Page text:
Charlotte West buys a ticket on LATAM Airlines and books the the cheaper rate for Peruvians. But, she’s flying with a U.S passport, so the airline won’t honor the fare. She had to pay another $177 for the ticket. Can our advocates get the money back?
When Wendy Osterweil receives a surprise bill for a traffic fine from Enterprise, she wonders if she’s being overcharged. Our advocates try to find out.
The National Trust Tours brochure for its upcoming Odyssey of Ancient Civilizations — a seven-night cruise through Italy, Croatia, Montenegro, Albania and Greece — advertises an “all-inclusive” itinerary. And indeed, the $4,195 price for an ocean-view stateroom covers meals, tours and “enhanced” services, such as a flight insurance policy.
When the news broke Thursday that Wells Fargo was defrauding its customers by opening fake accounts in customers’ names to meet aggressive sales goals, it came as a blow to many.
The Ramada Plaza Hotel in Orlando claims Nancy Nutting smoked in her room and charged her credit card a $350 cleaning fee. Just one problem: She doesn’t smoke.
Mexico doesn’t need any more bad press. Between drug violence and natural disasters, it’s had enough, thanks very much. All
John Wieroniey made a wrong turn while he was driving in Prague recently. He blamed his onboard navigation system, which
Government fines against airlines for consumer rule violations are on track to hit a six-year low as the U.S. Department
Although the U.S. Department of Transportation fined seven airlines a total of $1.7 million last year for violating its controversial
A more activist Transportation Department, which set a record in 2011 for the number of fines it issued against airlines
As the TSA’s use of full-body scanners turns into a national debate, it appears the agency is taking a harder line against passengers who resist.
The best things in life may be free, but that apparently doesn’t extend to the airfare on your all-inclusive vacation, at least according to the government.
Here’s something you don’t see every day: A $30,000 government fine against a company called City Skies for operating an airline without economic authority from the Transportation Department.
Federal law says an airline can’t limit its liability for lost, damaged or delayed baggage to less than $3,300 per passenger. But if you’re flying on Delta Air Lines, you might have thought otherwise.
From time to time, a consent order crosses my desk that’s just too funny to not write about. Like today’s ruling (PDF) against Falcon Air Express, a Miami-based airline whose claim to fame is running a wet T-shirt contest on a charter flight to Mexico.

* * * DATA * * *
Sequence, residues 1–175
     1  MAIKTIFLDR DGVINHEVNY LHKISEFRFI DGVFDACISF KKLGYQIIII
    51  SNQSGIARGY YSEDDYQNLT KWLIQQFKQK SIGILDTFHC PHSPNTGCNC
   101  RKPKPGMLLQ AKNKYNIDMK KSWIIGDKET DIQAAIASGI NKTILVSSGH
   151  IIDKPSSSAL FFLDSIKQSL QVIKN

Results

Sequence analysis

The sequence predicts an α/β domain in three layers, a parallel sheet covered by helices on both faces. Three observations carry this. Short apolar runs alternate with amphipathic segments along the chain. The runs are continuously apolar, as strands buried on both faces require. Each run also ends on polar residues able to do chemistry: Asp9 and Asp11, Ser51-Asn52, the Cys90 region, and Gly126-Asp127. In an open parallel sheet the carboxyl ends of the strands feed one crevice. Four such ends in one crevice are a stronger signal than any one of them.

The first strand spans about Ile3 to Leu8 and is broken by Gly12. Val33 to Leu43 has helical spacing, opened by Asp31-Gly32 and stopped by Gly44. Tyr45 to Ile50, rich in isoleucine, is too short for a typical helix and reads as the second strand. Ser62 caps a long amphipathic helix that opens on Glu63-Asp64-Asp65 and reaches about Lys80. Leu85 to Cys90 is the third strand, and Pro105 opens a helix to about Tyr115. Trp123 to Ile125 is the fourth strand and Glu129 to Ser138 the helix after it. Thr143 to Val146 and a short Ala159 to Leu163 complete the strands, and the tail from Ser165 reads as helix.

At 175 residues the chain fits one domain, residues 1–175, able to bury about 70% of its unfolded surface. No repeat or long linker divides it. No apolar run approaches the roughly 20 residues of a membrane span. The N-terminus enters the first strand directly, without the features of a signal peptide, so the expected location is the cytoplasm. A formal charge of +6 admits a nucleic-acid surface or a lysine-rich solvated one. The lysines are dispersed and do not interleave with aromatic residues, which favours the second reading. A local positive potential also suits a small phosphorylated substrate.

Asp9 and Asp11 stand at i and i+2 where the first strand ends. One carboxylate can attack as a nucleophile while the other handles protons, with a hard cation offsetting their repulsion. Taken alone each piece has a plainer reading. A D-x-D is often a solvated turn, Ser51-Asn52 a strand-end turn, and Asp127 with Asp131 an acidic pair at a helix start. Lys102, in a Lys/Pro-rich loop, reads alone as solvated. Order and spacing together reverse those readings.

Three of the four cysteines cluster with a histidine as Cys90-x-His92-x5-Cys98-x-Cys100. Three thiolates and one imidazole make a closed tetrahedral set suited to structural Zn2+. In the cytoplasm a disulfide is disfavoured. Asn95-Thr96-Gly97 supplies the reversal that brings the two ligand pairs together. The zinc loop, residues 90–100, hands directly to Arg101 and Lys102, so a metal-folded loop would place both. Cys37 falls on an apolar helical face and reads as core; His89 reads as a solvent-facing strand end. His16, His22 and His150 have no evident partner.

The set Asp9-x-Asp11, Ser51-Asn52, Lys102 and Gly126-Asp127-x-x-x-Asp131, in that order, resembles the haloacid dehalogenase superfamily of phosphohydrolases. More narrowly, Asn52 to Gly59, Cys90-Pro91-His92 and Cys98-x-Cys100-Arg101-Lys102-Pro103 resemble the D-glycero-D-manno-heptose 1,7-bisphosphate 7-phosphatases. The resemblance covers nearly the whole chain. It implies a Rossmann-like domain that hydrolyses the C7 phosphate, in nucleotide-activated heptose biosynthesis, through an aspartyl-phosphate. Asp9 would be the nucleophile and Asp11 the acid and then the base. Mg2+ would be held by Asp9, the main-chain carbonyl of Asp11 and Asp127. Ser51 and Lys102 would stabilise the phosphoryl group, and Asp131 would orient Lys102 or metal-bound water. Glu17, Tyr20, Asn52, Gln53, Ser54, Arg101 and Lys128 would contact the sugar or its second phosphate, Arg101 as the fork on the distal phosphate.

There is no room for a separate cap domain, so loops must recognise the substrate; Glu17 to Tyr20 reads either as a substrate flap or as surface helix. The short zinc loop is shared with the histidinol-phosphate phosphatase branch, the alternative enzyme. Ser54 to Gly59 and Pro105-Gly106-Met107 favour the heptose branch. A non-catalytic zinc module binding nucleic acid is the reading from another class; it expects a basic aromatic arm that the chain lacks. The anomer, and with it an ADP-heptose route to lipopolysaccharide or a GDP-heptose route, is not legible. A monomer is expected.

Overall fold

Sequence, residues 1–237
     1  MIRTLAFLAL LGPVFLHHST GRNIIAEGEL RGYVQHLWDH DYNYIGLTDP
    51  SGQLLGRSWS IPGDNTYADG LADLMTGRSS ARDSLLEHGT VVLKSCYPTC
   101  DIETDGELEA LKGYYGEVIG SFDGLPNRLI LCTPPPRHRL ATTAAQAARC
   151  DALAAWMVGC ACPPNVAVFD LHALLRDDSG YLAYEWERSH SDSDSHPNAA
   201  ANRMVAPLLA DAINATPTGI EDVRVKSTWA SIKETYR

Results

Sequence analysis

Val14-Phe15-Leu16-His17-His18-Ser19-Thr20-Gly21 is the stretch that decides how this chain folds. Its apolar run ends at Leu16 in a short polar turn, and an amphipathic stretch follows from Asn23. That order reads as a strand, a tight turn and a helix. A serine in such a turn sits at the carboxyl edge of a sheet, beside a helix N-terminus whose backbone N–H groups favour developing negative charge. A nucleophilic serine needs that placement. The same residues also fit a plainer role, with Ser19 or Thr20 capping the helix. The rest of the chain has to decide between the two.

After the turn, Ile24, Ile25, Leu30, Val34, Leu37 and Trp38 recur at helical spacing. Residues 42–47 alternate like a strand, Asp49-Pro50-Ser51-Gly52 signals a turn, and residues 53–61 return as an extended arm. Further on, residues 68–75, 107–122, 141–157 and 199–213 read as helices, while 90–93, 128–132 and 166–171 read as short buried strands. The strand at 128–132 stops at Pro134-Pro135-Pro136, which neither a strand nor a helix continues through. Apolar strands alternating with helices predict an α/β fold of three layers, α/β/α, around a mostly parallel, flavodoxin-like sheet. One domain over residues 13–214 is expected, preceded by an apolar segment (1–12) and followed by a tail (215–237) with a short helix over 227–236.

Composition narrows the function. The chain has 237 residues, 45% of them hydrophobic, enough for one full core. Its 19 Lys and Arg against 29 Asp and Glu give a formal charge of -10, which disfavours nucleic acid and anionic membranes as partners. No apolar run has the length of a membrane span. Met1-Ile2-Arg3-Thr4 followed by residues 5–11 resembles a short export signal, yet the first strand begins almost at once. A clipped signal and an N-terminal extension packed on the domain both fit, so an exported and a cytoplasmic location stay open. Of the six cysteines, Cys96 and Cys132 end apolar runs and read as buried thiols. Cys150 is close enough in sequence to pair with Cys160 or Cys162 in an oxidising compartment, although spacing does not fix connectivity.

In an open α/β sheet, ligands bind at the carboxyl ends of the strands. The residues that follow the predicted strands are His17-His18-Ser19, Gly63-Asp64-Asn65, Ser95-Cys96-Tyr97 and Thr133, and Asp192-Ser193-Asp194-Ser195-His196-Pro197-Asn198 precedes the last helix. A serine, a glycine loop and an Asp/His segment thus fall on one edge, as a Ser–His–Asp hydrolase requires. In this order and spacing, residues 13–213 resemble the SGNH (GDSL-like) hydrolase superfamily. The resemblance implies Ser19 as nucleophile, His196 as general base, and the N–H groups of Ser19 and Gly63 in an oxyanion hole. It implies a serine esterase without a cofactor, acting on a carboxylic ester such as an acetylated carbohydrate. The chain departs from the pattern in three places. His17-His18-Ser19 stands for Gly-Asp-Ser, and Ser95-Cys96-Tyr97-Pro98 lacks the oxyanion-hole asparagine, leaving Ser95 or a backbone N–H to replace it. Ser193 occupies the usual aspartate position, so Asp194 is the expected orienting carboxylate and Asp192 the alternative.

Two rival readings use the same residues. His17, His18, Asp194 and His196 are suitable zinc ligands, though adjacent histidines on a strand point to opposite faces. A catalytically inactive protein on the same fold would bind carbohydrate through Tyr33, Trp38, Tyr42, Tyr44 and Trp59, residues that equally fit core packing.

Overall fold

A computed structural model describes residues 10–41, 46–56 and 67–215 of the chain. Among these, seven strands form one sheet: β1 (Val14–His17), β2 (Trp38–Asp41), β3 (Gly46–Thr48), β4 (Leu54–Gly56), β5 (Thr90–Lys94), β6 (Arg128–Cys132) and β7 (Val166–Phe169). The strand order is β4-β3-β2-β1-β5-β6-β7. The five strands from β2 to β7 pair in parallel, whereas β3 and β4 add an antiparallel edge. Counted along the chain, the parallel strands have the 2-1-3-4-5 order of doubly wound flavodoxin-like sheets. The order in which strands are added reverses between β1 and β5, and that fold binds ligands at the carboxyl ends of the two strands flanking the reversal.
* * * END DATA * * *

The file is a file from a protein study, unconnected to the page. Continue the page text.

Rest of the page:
Are the government’s airline cops about to get tough on crime? The Department of Transportation says it is, and now there’s new evidence that it’s following through.
Here’s a problem travelers are running into more frequently: Months after a trip, they get a bill from their rental company charging them for an unknown traffic violation, plus a handling fee. Often, there’s little recourse.
Remember last summer’s overnight tarmac stranding incident in Rochester, Minn.? The government does. This morning it issued what it called a “precedent-setting” series of fines against two airlines in connection with the lengthy ground delay.
The online travel agency Ultimate Fares faces $600,000 in government fines for failing to include taxes and service fees in its airfares, a U.S. Department of Transportation Administrative Law Judge has ruled. The fine would be the largest ever assessed for advertising violations, according to regulators.
Jetstar Airways is an Australian discount airline that began flying between Sydney, Melbourne and Honolulu in late 2006. The Transportation Department requires the airline to file an annual report detailing disability-related complaints, which it did for 2007 — this January.
In yet another sign that the government has adopted a “get tough” approach in dealing with the airline industry, the Federal Aviation Administration today proposed near-record penalties against two airlines for safety violations.
The Transportation Department has hit Spirit Airways with a record $375,000 fine for failing to comply with rules governing denied boarding compensation, fare advertising, baggage liability and other consumer protection requirements, the agency announced this morning.
When it comes to fines, the Transportation Department is on a roll. Last month saw an unprecedented number of actions against airlines for deceptive fare advertisements. And now, the government has put a cruise line in its crosshairs.
The Transportation Department has fined three airlines for consumer rule violations, signaling a new “get-tough” approach to the airline industry, if not in practice, then at least in principle.
In a surprise move, the Department of Transportation has fined two airlines for failing to disclose codesharing flights and disregarding their denied-boarding rules. United Airlines faces $80,000 in penalties for neglecting to inform travelers that certain flights were operated by another airline. And Delta Air Lines is being fined $375,000 for bumping passengers from its flights without compensation.